Last Updated: Friday, 20 October 2017, 11:43 GMT

U.S. Committee for Refugees World Refugee Survey 1998 - Belize

Publisher United States Committee for Refugees and Immigrants
Publication Date 1 January 1998
Cite as United States Committee for Refugees and Immigrants, U.S. Committee for Refugees World Refugee Survey 1998 - Belize, 1 January 1998, available at: http://www.refworld.org/docid/3ae6a8b648.html [accessed 20 October 2017]
DisclaimerThis is not a UNHCR publication. UNHCR is not responsible for, nor does it necessarily endorse, its content. Any views expressed are solely those of the author or publisher and do not necessarily reflect those of UNHCR, the United Nations or its Member States.
 

At the end of 1997, some 4,000 refugees were in Belize, primarily Salvadorans and Guatemalans. The refugees were widely dispersed, living in 85 percent of the country's 200 rural villages.

According to UNHCR, Belize is unique to the region in that it has established its own procedures for receiving, processing, and evaluating claims for refugee status. It enacted refugee legislation in 1991 to implement the UN Refugee Convention. An eligibility committee, on which UNHCR has a vote, makes decisions on granting refugee status. UNHCR also assists applicants who wish to appeal a decision. In 1997, the committee considered 158 applications for asylum but granted none.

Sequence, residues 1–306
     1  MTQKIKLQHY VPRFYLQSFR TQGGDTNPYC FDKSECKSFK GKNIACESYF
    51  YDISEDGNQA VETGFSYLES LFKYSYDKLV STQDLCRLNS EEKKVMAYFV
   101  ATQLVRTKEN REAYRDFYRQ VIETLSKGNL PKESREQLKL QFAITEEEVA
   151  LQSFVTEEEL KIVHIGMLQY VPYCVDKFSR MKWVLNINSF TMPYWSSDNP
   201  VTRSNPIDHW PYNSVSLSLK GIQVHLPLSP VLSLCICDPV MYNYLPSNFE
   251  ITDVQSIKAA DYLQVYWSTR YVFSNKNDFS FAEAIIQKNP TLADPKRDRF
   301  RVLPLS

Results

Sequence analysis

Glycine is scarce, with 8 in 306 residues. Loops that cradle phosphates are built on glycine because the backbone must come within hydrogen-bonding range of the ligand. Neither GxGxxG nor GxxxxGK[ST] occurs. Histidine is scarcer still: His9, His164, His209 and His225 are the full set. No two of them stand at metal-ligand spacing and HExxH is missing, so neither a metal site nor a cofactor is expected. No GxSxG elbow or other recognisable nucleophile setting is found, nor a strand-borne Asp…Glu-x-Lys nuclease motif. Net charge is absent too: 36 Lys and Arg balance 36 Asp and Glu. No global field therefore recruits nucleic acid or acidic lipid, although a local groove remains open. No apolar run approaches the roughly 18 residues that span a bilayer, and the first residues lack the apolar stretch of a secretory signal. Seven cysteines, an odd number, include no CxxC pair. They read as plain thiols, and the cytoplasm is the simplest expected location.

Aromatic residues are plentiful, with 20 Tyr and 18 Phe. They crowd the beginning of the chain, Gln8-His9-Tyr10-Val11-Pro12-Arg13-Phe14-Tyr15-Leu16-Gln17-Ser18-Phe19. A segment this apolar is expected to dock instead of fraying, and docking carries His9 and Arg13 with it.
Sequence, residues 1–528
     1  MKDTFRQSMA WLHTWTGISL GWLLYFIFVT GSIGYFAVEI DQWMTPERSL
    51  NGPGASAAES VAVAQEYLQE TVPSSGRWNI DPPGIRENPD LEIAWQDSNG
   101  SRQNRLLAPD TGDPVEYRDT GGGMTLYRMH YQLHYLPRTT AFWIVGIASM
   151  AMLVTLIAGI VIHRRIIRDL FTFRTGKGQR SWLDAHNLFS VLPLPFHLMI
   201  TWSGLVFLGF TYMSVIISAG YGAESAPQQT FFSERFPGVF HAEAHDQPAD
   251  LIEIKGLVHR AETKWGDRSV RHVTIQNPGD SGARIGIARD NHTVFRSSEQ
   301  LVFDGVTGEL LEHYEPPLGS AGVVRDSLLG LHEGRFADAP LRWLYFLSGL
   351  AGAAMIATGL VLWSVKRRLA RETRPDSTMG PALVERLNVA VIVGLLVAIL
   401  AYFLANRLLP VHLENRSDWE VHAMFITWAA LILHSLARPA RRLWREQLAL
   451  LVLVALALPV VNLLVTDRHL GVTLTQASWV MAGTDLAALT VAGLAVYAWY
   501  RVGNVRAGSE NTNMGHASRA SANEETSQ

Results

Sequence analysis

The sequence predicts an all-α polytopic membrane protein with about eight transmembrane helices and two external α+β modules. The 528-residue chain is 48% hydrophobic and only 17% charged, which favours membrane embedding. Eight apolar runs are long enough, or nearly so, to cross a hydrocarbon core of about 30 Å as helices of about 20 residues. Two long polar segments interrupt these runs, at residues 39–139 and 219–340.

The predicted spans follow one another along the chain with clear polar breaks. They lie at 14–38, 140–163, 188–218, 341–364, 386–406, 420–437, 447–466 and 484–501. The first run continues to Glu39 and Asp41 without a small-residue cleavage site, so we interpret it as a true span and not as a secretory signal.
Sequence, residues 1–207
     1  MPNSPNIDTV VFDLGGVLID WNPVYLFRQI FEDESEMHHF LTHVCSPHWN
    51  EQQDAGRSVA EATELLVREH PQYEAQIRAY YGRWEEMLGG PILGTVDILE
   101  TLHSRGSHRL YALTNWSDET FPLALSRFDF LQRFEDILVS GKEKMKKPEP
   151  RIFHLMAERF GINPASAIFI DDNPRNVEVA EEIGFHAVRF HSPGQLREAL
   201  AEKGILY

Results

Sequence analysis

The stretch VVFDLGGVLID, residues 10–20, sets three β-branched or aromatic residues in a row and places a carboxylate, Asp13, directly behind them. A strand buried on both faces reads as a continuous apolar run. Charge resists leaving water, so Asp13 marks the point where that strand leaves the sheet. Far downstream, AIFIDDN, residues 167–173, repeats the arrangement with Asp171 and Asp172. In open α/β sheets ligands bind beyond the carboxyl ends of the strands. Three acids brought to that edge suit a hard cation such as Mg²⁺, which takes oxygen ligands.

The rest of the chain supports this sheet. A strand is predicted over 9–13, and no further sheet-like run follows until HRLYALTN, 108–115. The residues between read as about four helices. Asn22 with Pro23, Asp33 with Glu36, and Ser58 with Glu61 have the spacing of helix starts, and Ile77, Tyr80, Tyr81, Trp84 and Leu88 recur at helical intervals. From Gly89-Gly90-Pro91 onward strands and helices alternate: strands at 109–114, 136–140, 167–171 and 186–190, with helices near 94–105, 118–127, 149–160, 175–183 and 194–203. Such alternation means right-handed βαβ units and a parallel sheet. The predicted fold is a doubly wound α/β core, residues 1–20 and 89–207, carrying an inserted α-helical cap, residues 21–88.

Previously, the majority of funds for refugee programs in Belize came from UNHCR, including half the salaries of most employees in the Department of Refugees. However, all such aid ended in April.

During 1997, 91 refugees repatriated voluntarily from Belize. Now that the Central American wars are largely over, the Salvadoran and other refugees in Belize could lose their legal status in that country. However, many refugees hope to remain permanently in Belize, having established firm roots there and having children with Belizean citizenship.

Although the official number of UNHCR-recognized refugees in Belize is more than 8,000, UNHCR suspects that the actual number of registered refugees remaining in Belize is about 4,000. The others have either acquired Belizean nationality after ten years of residence, returned to their countries of origin, or moved northward toward the United States. If a UNHCR census confirms this belief, the agency hopes to persuade Belize to facilitate a durable solution for the refugees by granting them Belizean nationality. Other solutions such as repatriation or resettlement appear unlikely.

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